|Date/Time:||August 21, 2017 1:00pm–1:30pm|
2017 Solar Eclipse
2017 Solar Eclipse - August 21
1:17 PM - Fountain/Pavilion
Join Midstate College on August 21st, from 1:00PM to 1:20PM by the fountain and pavilion area to celebrate this rare occurrence. We will be giving away solar viewing glasses to the first 50 people to join us and have refreshments available. The Cafe specials for the day will also be Moon Pies and Sun Chips. Peoria will view a 93.08% total coverage of the Sun. Just remember as a safety precaution do not look at the Sun without solar viewing glasses as it can cause permanent eye damage or blindness. The full strength of the Sun is still there even if you can't see it at the time. Click here for details on the eclipse.
Big Deal or Not?
by Jane Bradbury If you've mastered the English language, it's not too difficult to comprehend what the term solar (sun) eclipse (obscure or conceal) means. NASA.gov defines it quite simply as when "the moon gets in the way of the sun's light and casts its shadow on Earth." But, is an eclipse a big deal? It really comes down to how often it happens and for how long.
According to NASA, every year or two an eclipse happens somewhere on Earth and a partial eclipse occurs somewhere even more frequently. Each eclipse, however, is only happening across a section of the Earth. Think back to those middle school demonstrations with a lamp, a globe, and a small ball. Someone turned the globe as they orbited around the lamp (sun) while another student orbited the ball (moon) around the globe (Earth). Each time the ball's position would block the lamp's light and cast a shadow on the globe, it was only over a small section. Still eclipses happen somewhere on earth almost yearly.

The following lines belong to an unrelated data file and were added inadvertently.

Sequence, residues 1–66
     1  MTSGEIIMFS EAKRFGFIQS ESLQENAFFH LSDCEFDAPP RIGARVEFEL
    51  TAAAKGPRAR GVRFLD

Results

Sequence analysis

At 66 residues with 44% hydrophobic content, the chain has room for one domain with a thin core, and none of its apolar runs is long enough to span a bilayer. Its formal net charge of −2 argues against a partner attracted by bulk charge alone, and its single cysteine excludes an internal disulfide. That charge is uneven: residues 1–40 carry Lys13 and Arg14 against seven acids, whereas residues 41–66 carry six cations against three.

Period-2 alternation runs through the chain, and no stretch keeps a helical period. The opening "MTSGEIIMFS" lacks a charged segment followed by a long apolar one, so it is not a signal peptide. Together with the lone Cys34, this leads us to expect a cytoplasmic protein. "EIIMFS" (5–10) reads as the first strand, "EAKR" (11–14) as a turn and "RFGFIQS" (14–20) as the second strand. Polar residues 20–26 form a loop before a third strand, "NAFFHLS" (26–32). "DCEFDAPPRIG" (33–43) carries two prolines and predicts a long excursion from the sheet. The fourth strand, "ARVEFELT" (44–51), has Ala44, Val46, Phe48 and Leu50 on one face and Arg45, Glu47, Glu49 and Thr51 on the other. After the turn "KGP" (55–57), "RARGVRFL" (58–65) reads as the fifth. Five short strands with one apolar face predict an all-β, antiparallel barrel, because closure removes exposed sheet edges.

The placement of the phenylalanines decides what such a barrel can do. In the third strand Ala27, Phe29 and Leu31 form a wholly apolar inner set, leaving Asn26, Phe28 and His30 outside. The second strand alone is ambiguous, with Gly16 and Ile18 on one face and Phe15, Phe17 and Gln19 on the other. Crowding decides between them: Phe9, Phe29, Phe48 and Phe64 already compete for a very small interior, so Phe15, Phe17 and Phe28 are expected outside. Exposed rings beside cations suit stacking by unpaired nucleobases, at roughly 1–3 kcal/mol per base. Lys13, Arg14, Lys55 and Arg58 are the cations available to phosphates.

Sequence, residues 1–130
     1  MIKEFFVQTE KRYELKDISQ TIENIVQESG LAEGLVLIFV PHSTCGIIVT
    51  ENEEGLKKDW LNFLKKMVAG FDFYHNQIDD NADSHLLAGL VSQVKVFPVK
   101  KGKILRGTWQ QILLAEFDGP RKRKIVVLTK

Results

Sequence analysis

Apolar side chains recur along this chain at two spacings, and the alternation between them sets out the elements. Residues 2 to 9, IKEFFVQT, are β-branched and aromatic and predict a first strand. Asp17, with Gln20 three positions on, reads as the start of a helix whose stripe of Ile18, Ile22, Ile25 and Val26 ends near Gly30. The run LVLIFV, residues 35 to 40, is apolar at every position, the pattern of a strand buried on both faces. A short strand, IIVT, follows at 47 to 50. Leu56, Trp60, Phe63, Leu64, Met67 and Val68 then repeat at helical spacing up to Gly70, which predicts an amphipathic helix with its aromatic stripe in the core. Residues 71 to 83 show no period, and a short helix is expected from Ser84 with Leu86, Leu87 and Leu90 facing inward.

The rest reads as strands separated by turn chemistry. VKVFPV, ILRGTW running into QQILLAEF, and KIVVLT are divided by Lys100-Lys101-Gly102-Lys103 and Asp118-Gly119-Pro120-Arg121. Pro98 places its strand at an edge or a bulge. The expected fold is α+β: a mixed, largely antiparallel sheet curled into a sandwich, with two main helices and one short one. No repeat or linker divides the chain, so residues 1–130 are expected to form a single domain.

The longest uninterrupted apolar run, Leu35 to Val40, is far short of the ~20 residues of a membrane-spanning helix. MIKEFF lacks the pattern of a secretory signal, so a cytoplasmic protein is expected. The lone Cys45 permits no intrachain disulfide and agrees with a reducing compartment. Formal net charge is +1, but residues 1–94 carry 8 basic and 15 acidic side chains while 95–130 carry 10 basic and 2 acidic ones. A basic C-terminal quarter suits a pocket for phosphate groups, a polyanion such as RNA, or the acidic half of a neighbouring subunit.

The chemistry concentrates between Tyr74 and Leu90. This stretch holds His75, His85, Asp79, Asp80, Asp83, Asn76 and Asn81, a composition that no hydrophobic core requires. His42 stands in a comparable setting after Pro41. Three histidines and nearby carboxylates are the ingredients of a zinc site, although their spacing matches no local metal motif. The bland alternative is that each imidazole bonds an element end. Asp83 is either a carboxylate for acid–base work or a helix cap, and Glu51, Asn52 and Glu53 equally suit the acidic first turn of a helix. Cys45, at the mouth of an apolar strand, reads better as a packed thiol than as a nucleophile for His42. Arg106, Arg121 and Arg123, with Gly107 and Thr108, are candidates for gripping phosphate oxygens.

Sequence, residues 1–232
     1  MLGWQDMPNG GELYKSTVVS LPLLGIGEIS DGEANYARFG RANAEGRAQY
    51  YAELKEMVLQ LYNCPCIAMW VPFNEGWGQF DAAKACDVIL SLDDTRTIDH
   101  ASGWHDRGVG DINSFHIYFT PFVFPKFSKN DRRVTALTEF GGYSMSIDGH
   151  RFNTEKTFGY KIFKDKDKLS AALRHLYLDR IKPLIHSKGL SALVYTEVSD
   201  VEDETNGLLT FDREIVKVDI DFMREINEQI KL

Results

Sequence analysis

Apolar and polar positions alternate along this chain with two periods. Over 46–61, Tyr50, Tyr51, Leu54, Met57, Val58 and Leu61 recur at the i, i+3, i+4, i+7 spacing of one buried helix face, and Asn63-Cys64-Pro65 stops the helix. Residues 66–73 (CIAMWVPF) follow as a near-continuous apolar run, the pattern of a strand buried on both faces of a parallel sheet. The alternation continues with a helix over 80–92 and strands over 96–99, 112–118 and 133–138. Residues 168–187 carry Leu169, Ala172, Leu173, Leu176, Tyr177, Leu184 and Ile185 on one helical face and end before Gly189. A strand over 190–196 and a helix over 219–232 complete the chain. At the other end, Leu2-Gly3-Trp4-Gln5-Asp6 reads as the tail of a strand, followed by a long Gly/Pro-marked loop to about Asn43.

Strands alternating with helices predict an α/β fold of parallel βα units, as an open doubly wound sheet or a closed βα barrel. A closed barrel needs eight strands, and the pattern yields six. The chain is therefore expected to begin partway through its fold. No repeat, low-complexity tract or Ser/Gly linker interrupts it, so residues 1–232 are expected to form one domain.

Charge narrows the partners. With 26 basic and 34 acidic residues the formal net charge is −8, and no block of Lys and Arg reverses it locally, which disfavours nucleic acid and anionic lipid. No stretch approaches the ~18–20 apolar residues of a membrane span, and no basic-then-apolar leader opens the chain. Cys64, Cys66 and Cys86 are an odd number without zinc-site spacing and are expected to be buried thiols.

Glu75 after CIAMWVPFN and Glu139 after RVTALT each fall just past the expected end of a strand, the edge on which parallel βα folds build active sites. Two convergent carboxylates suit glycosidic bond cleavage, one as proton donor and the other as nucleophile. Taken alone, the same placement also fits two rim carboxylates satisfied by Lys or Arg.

How often, however, does a total eclipse occurs at any given place on earth? Unlike the simple demonstrations from middle school, actually trying to calculate (even roughly guess) the frequency of an eclipse at a particular point is mind boggling to this librarian. There's the tilt of the Earth, the shape of the orbits... and it's time to return to NASA.gov.
"Getting a chance to see a total solar eclipse is rare. The moon's shadow on Earth isn't very big, so only a small portion of places on Earth will see it. You have to be on the sunny side of the planet when it happens. You also have to be in the path of the moon's shadow. On average, the same spot on Earth only gets to see a solar eclipse for a few minutes about every 375 years!"
On August 21st a total eclipse will slash a path across the United States. This is rare! This is a big deal!
For more information and to prepare for the occasion follow these links: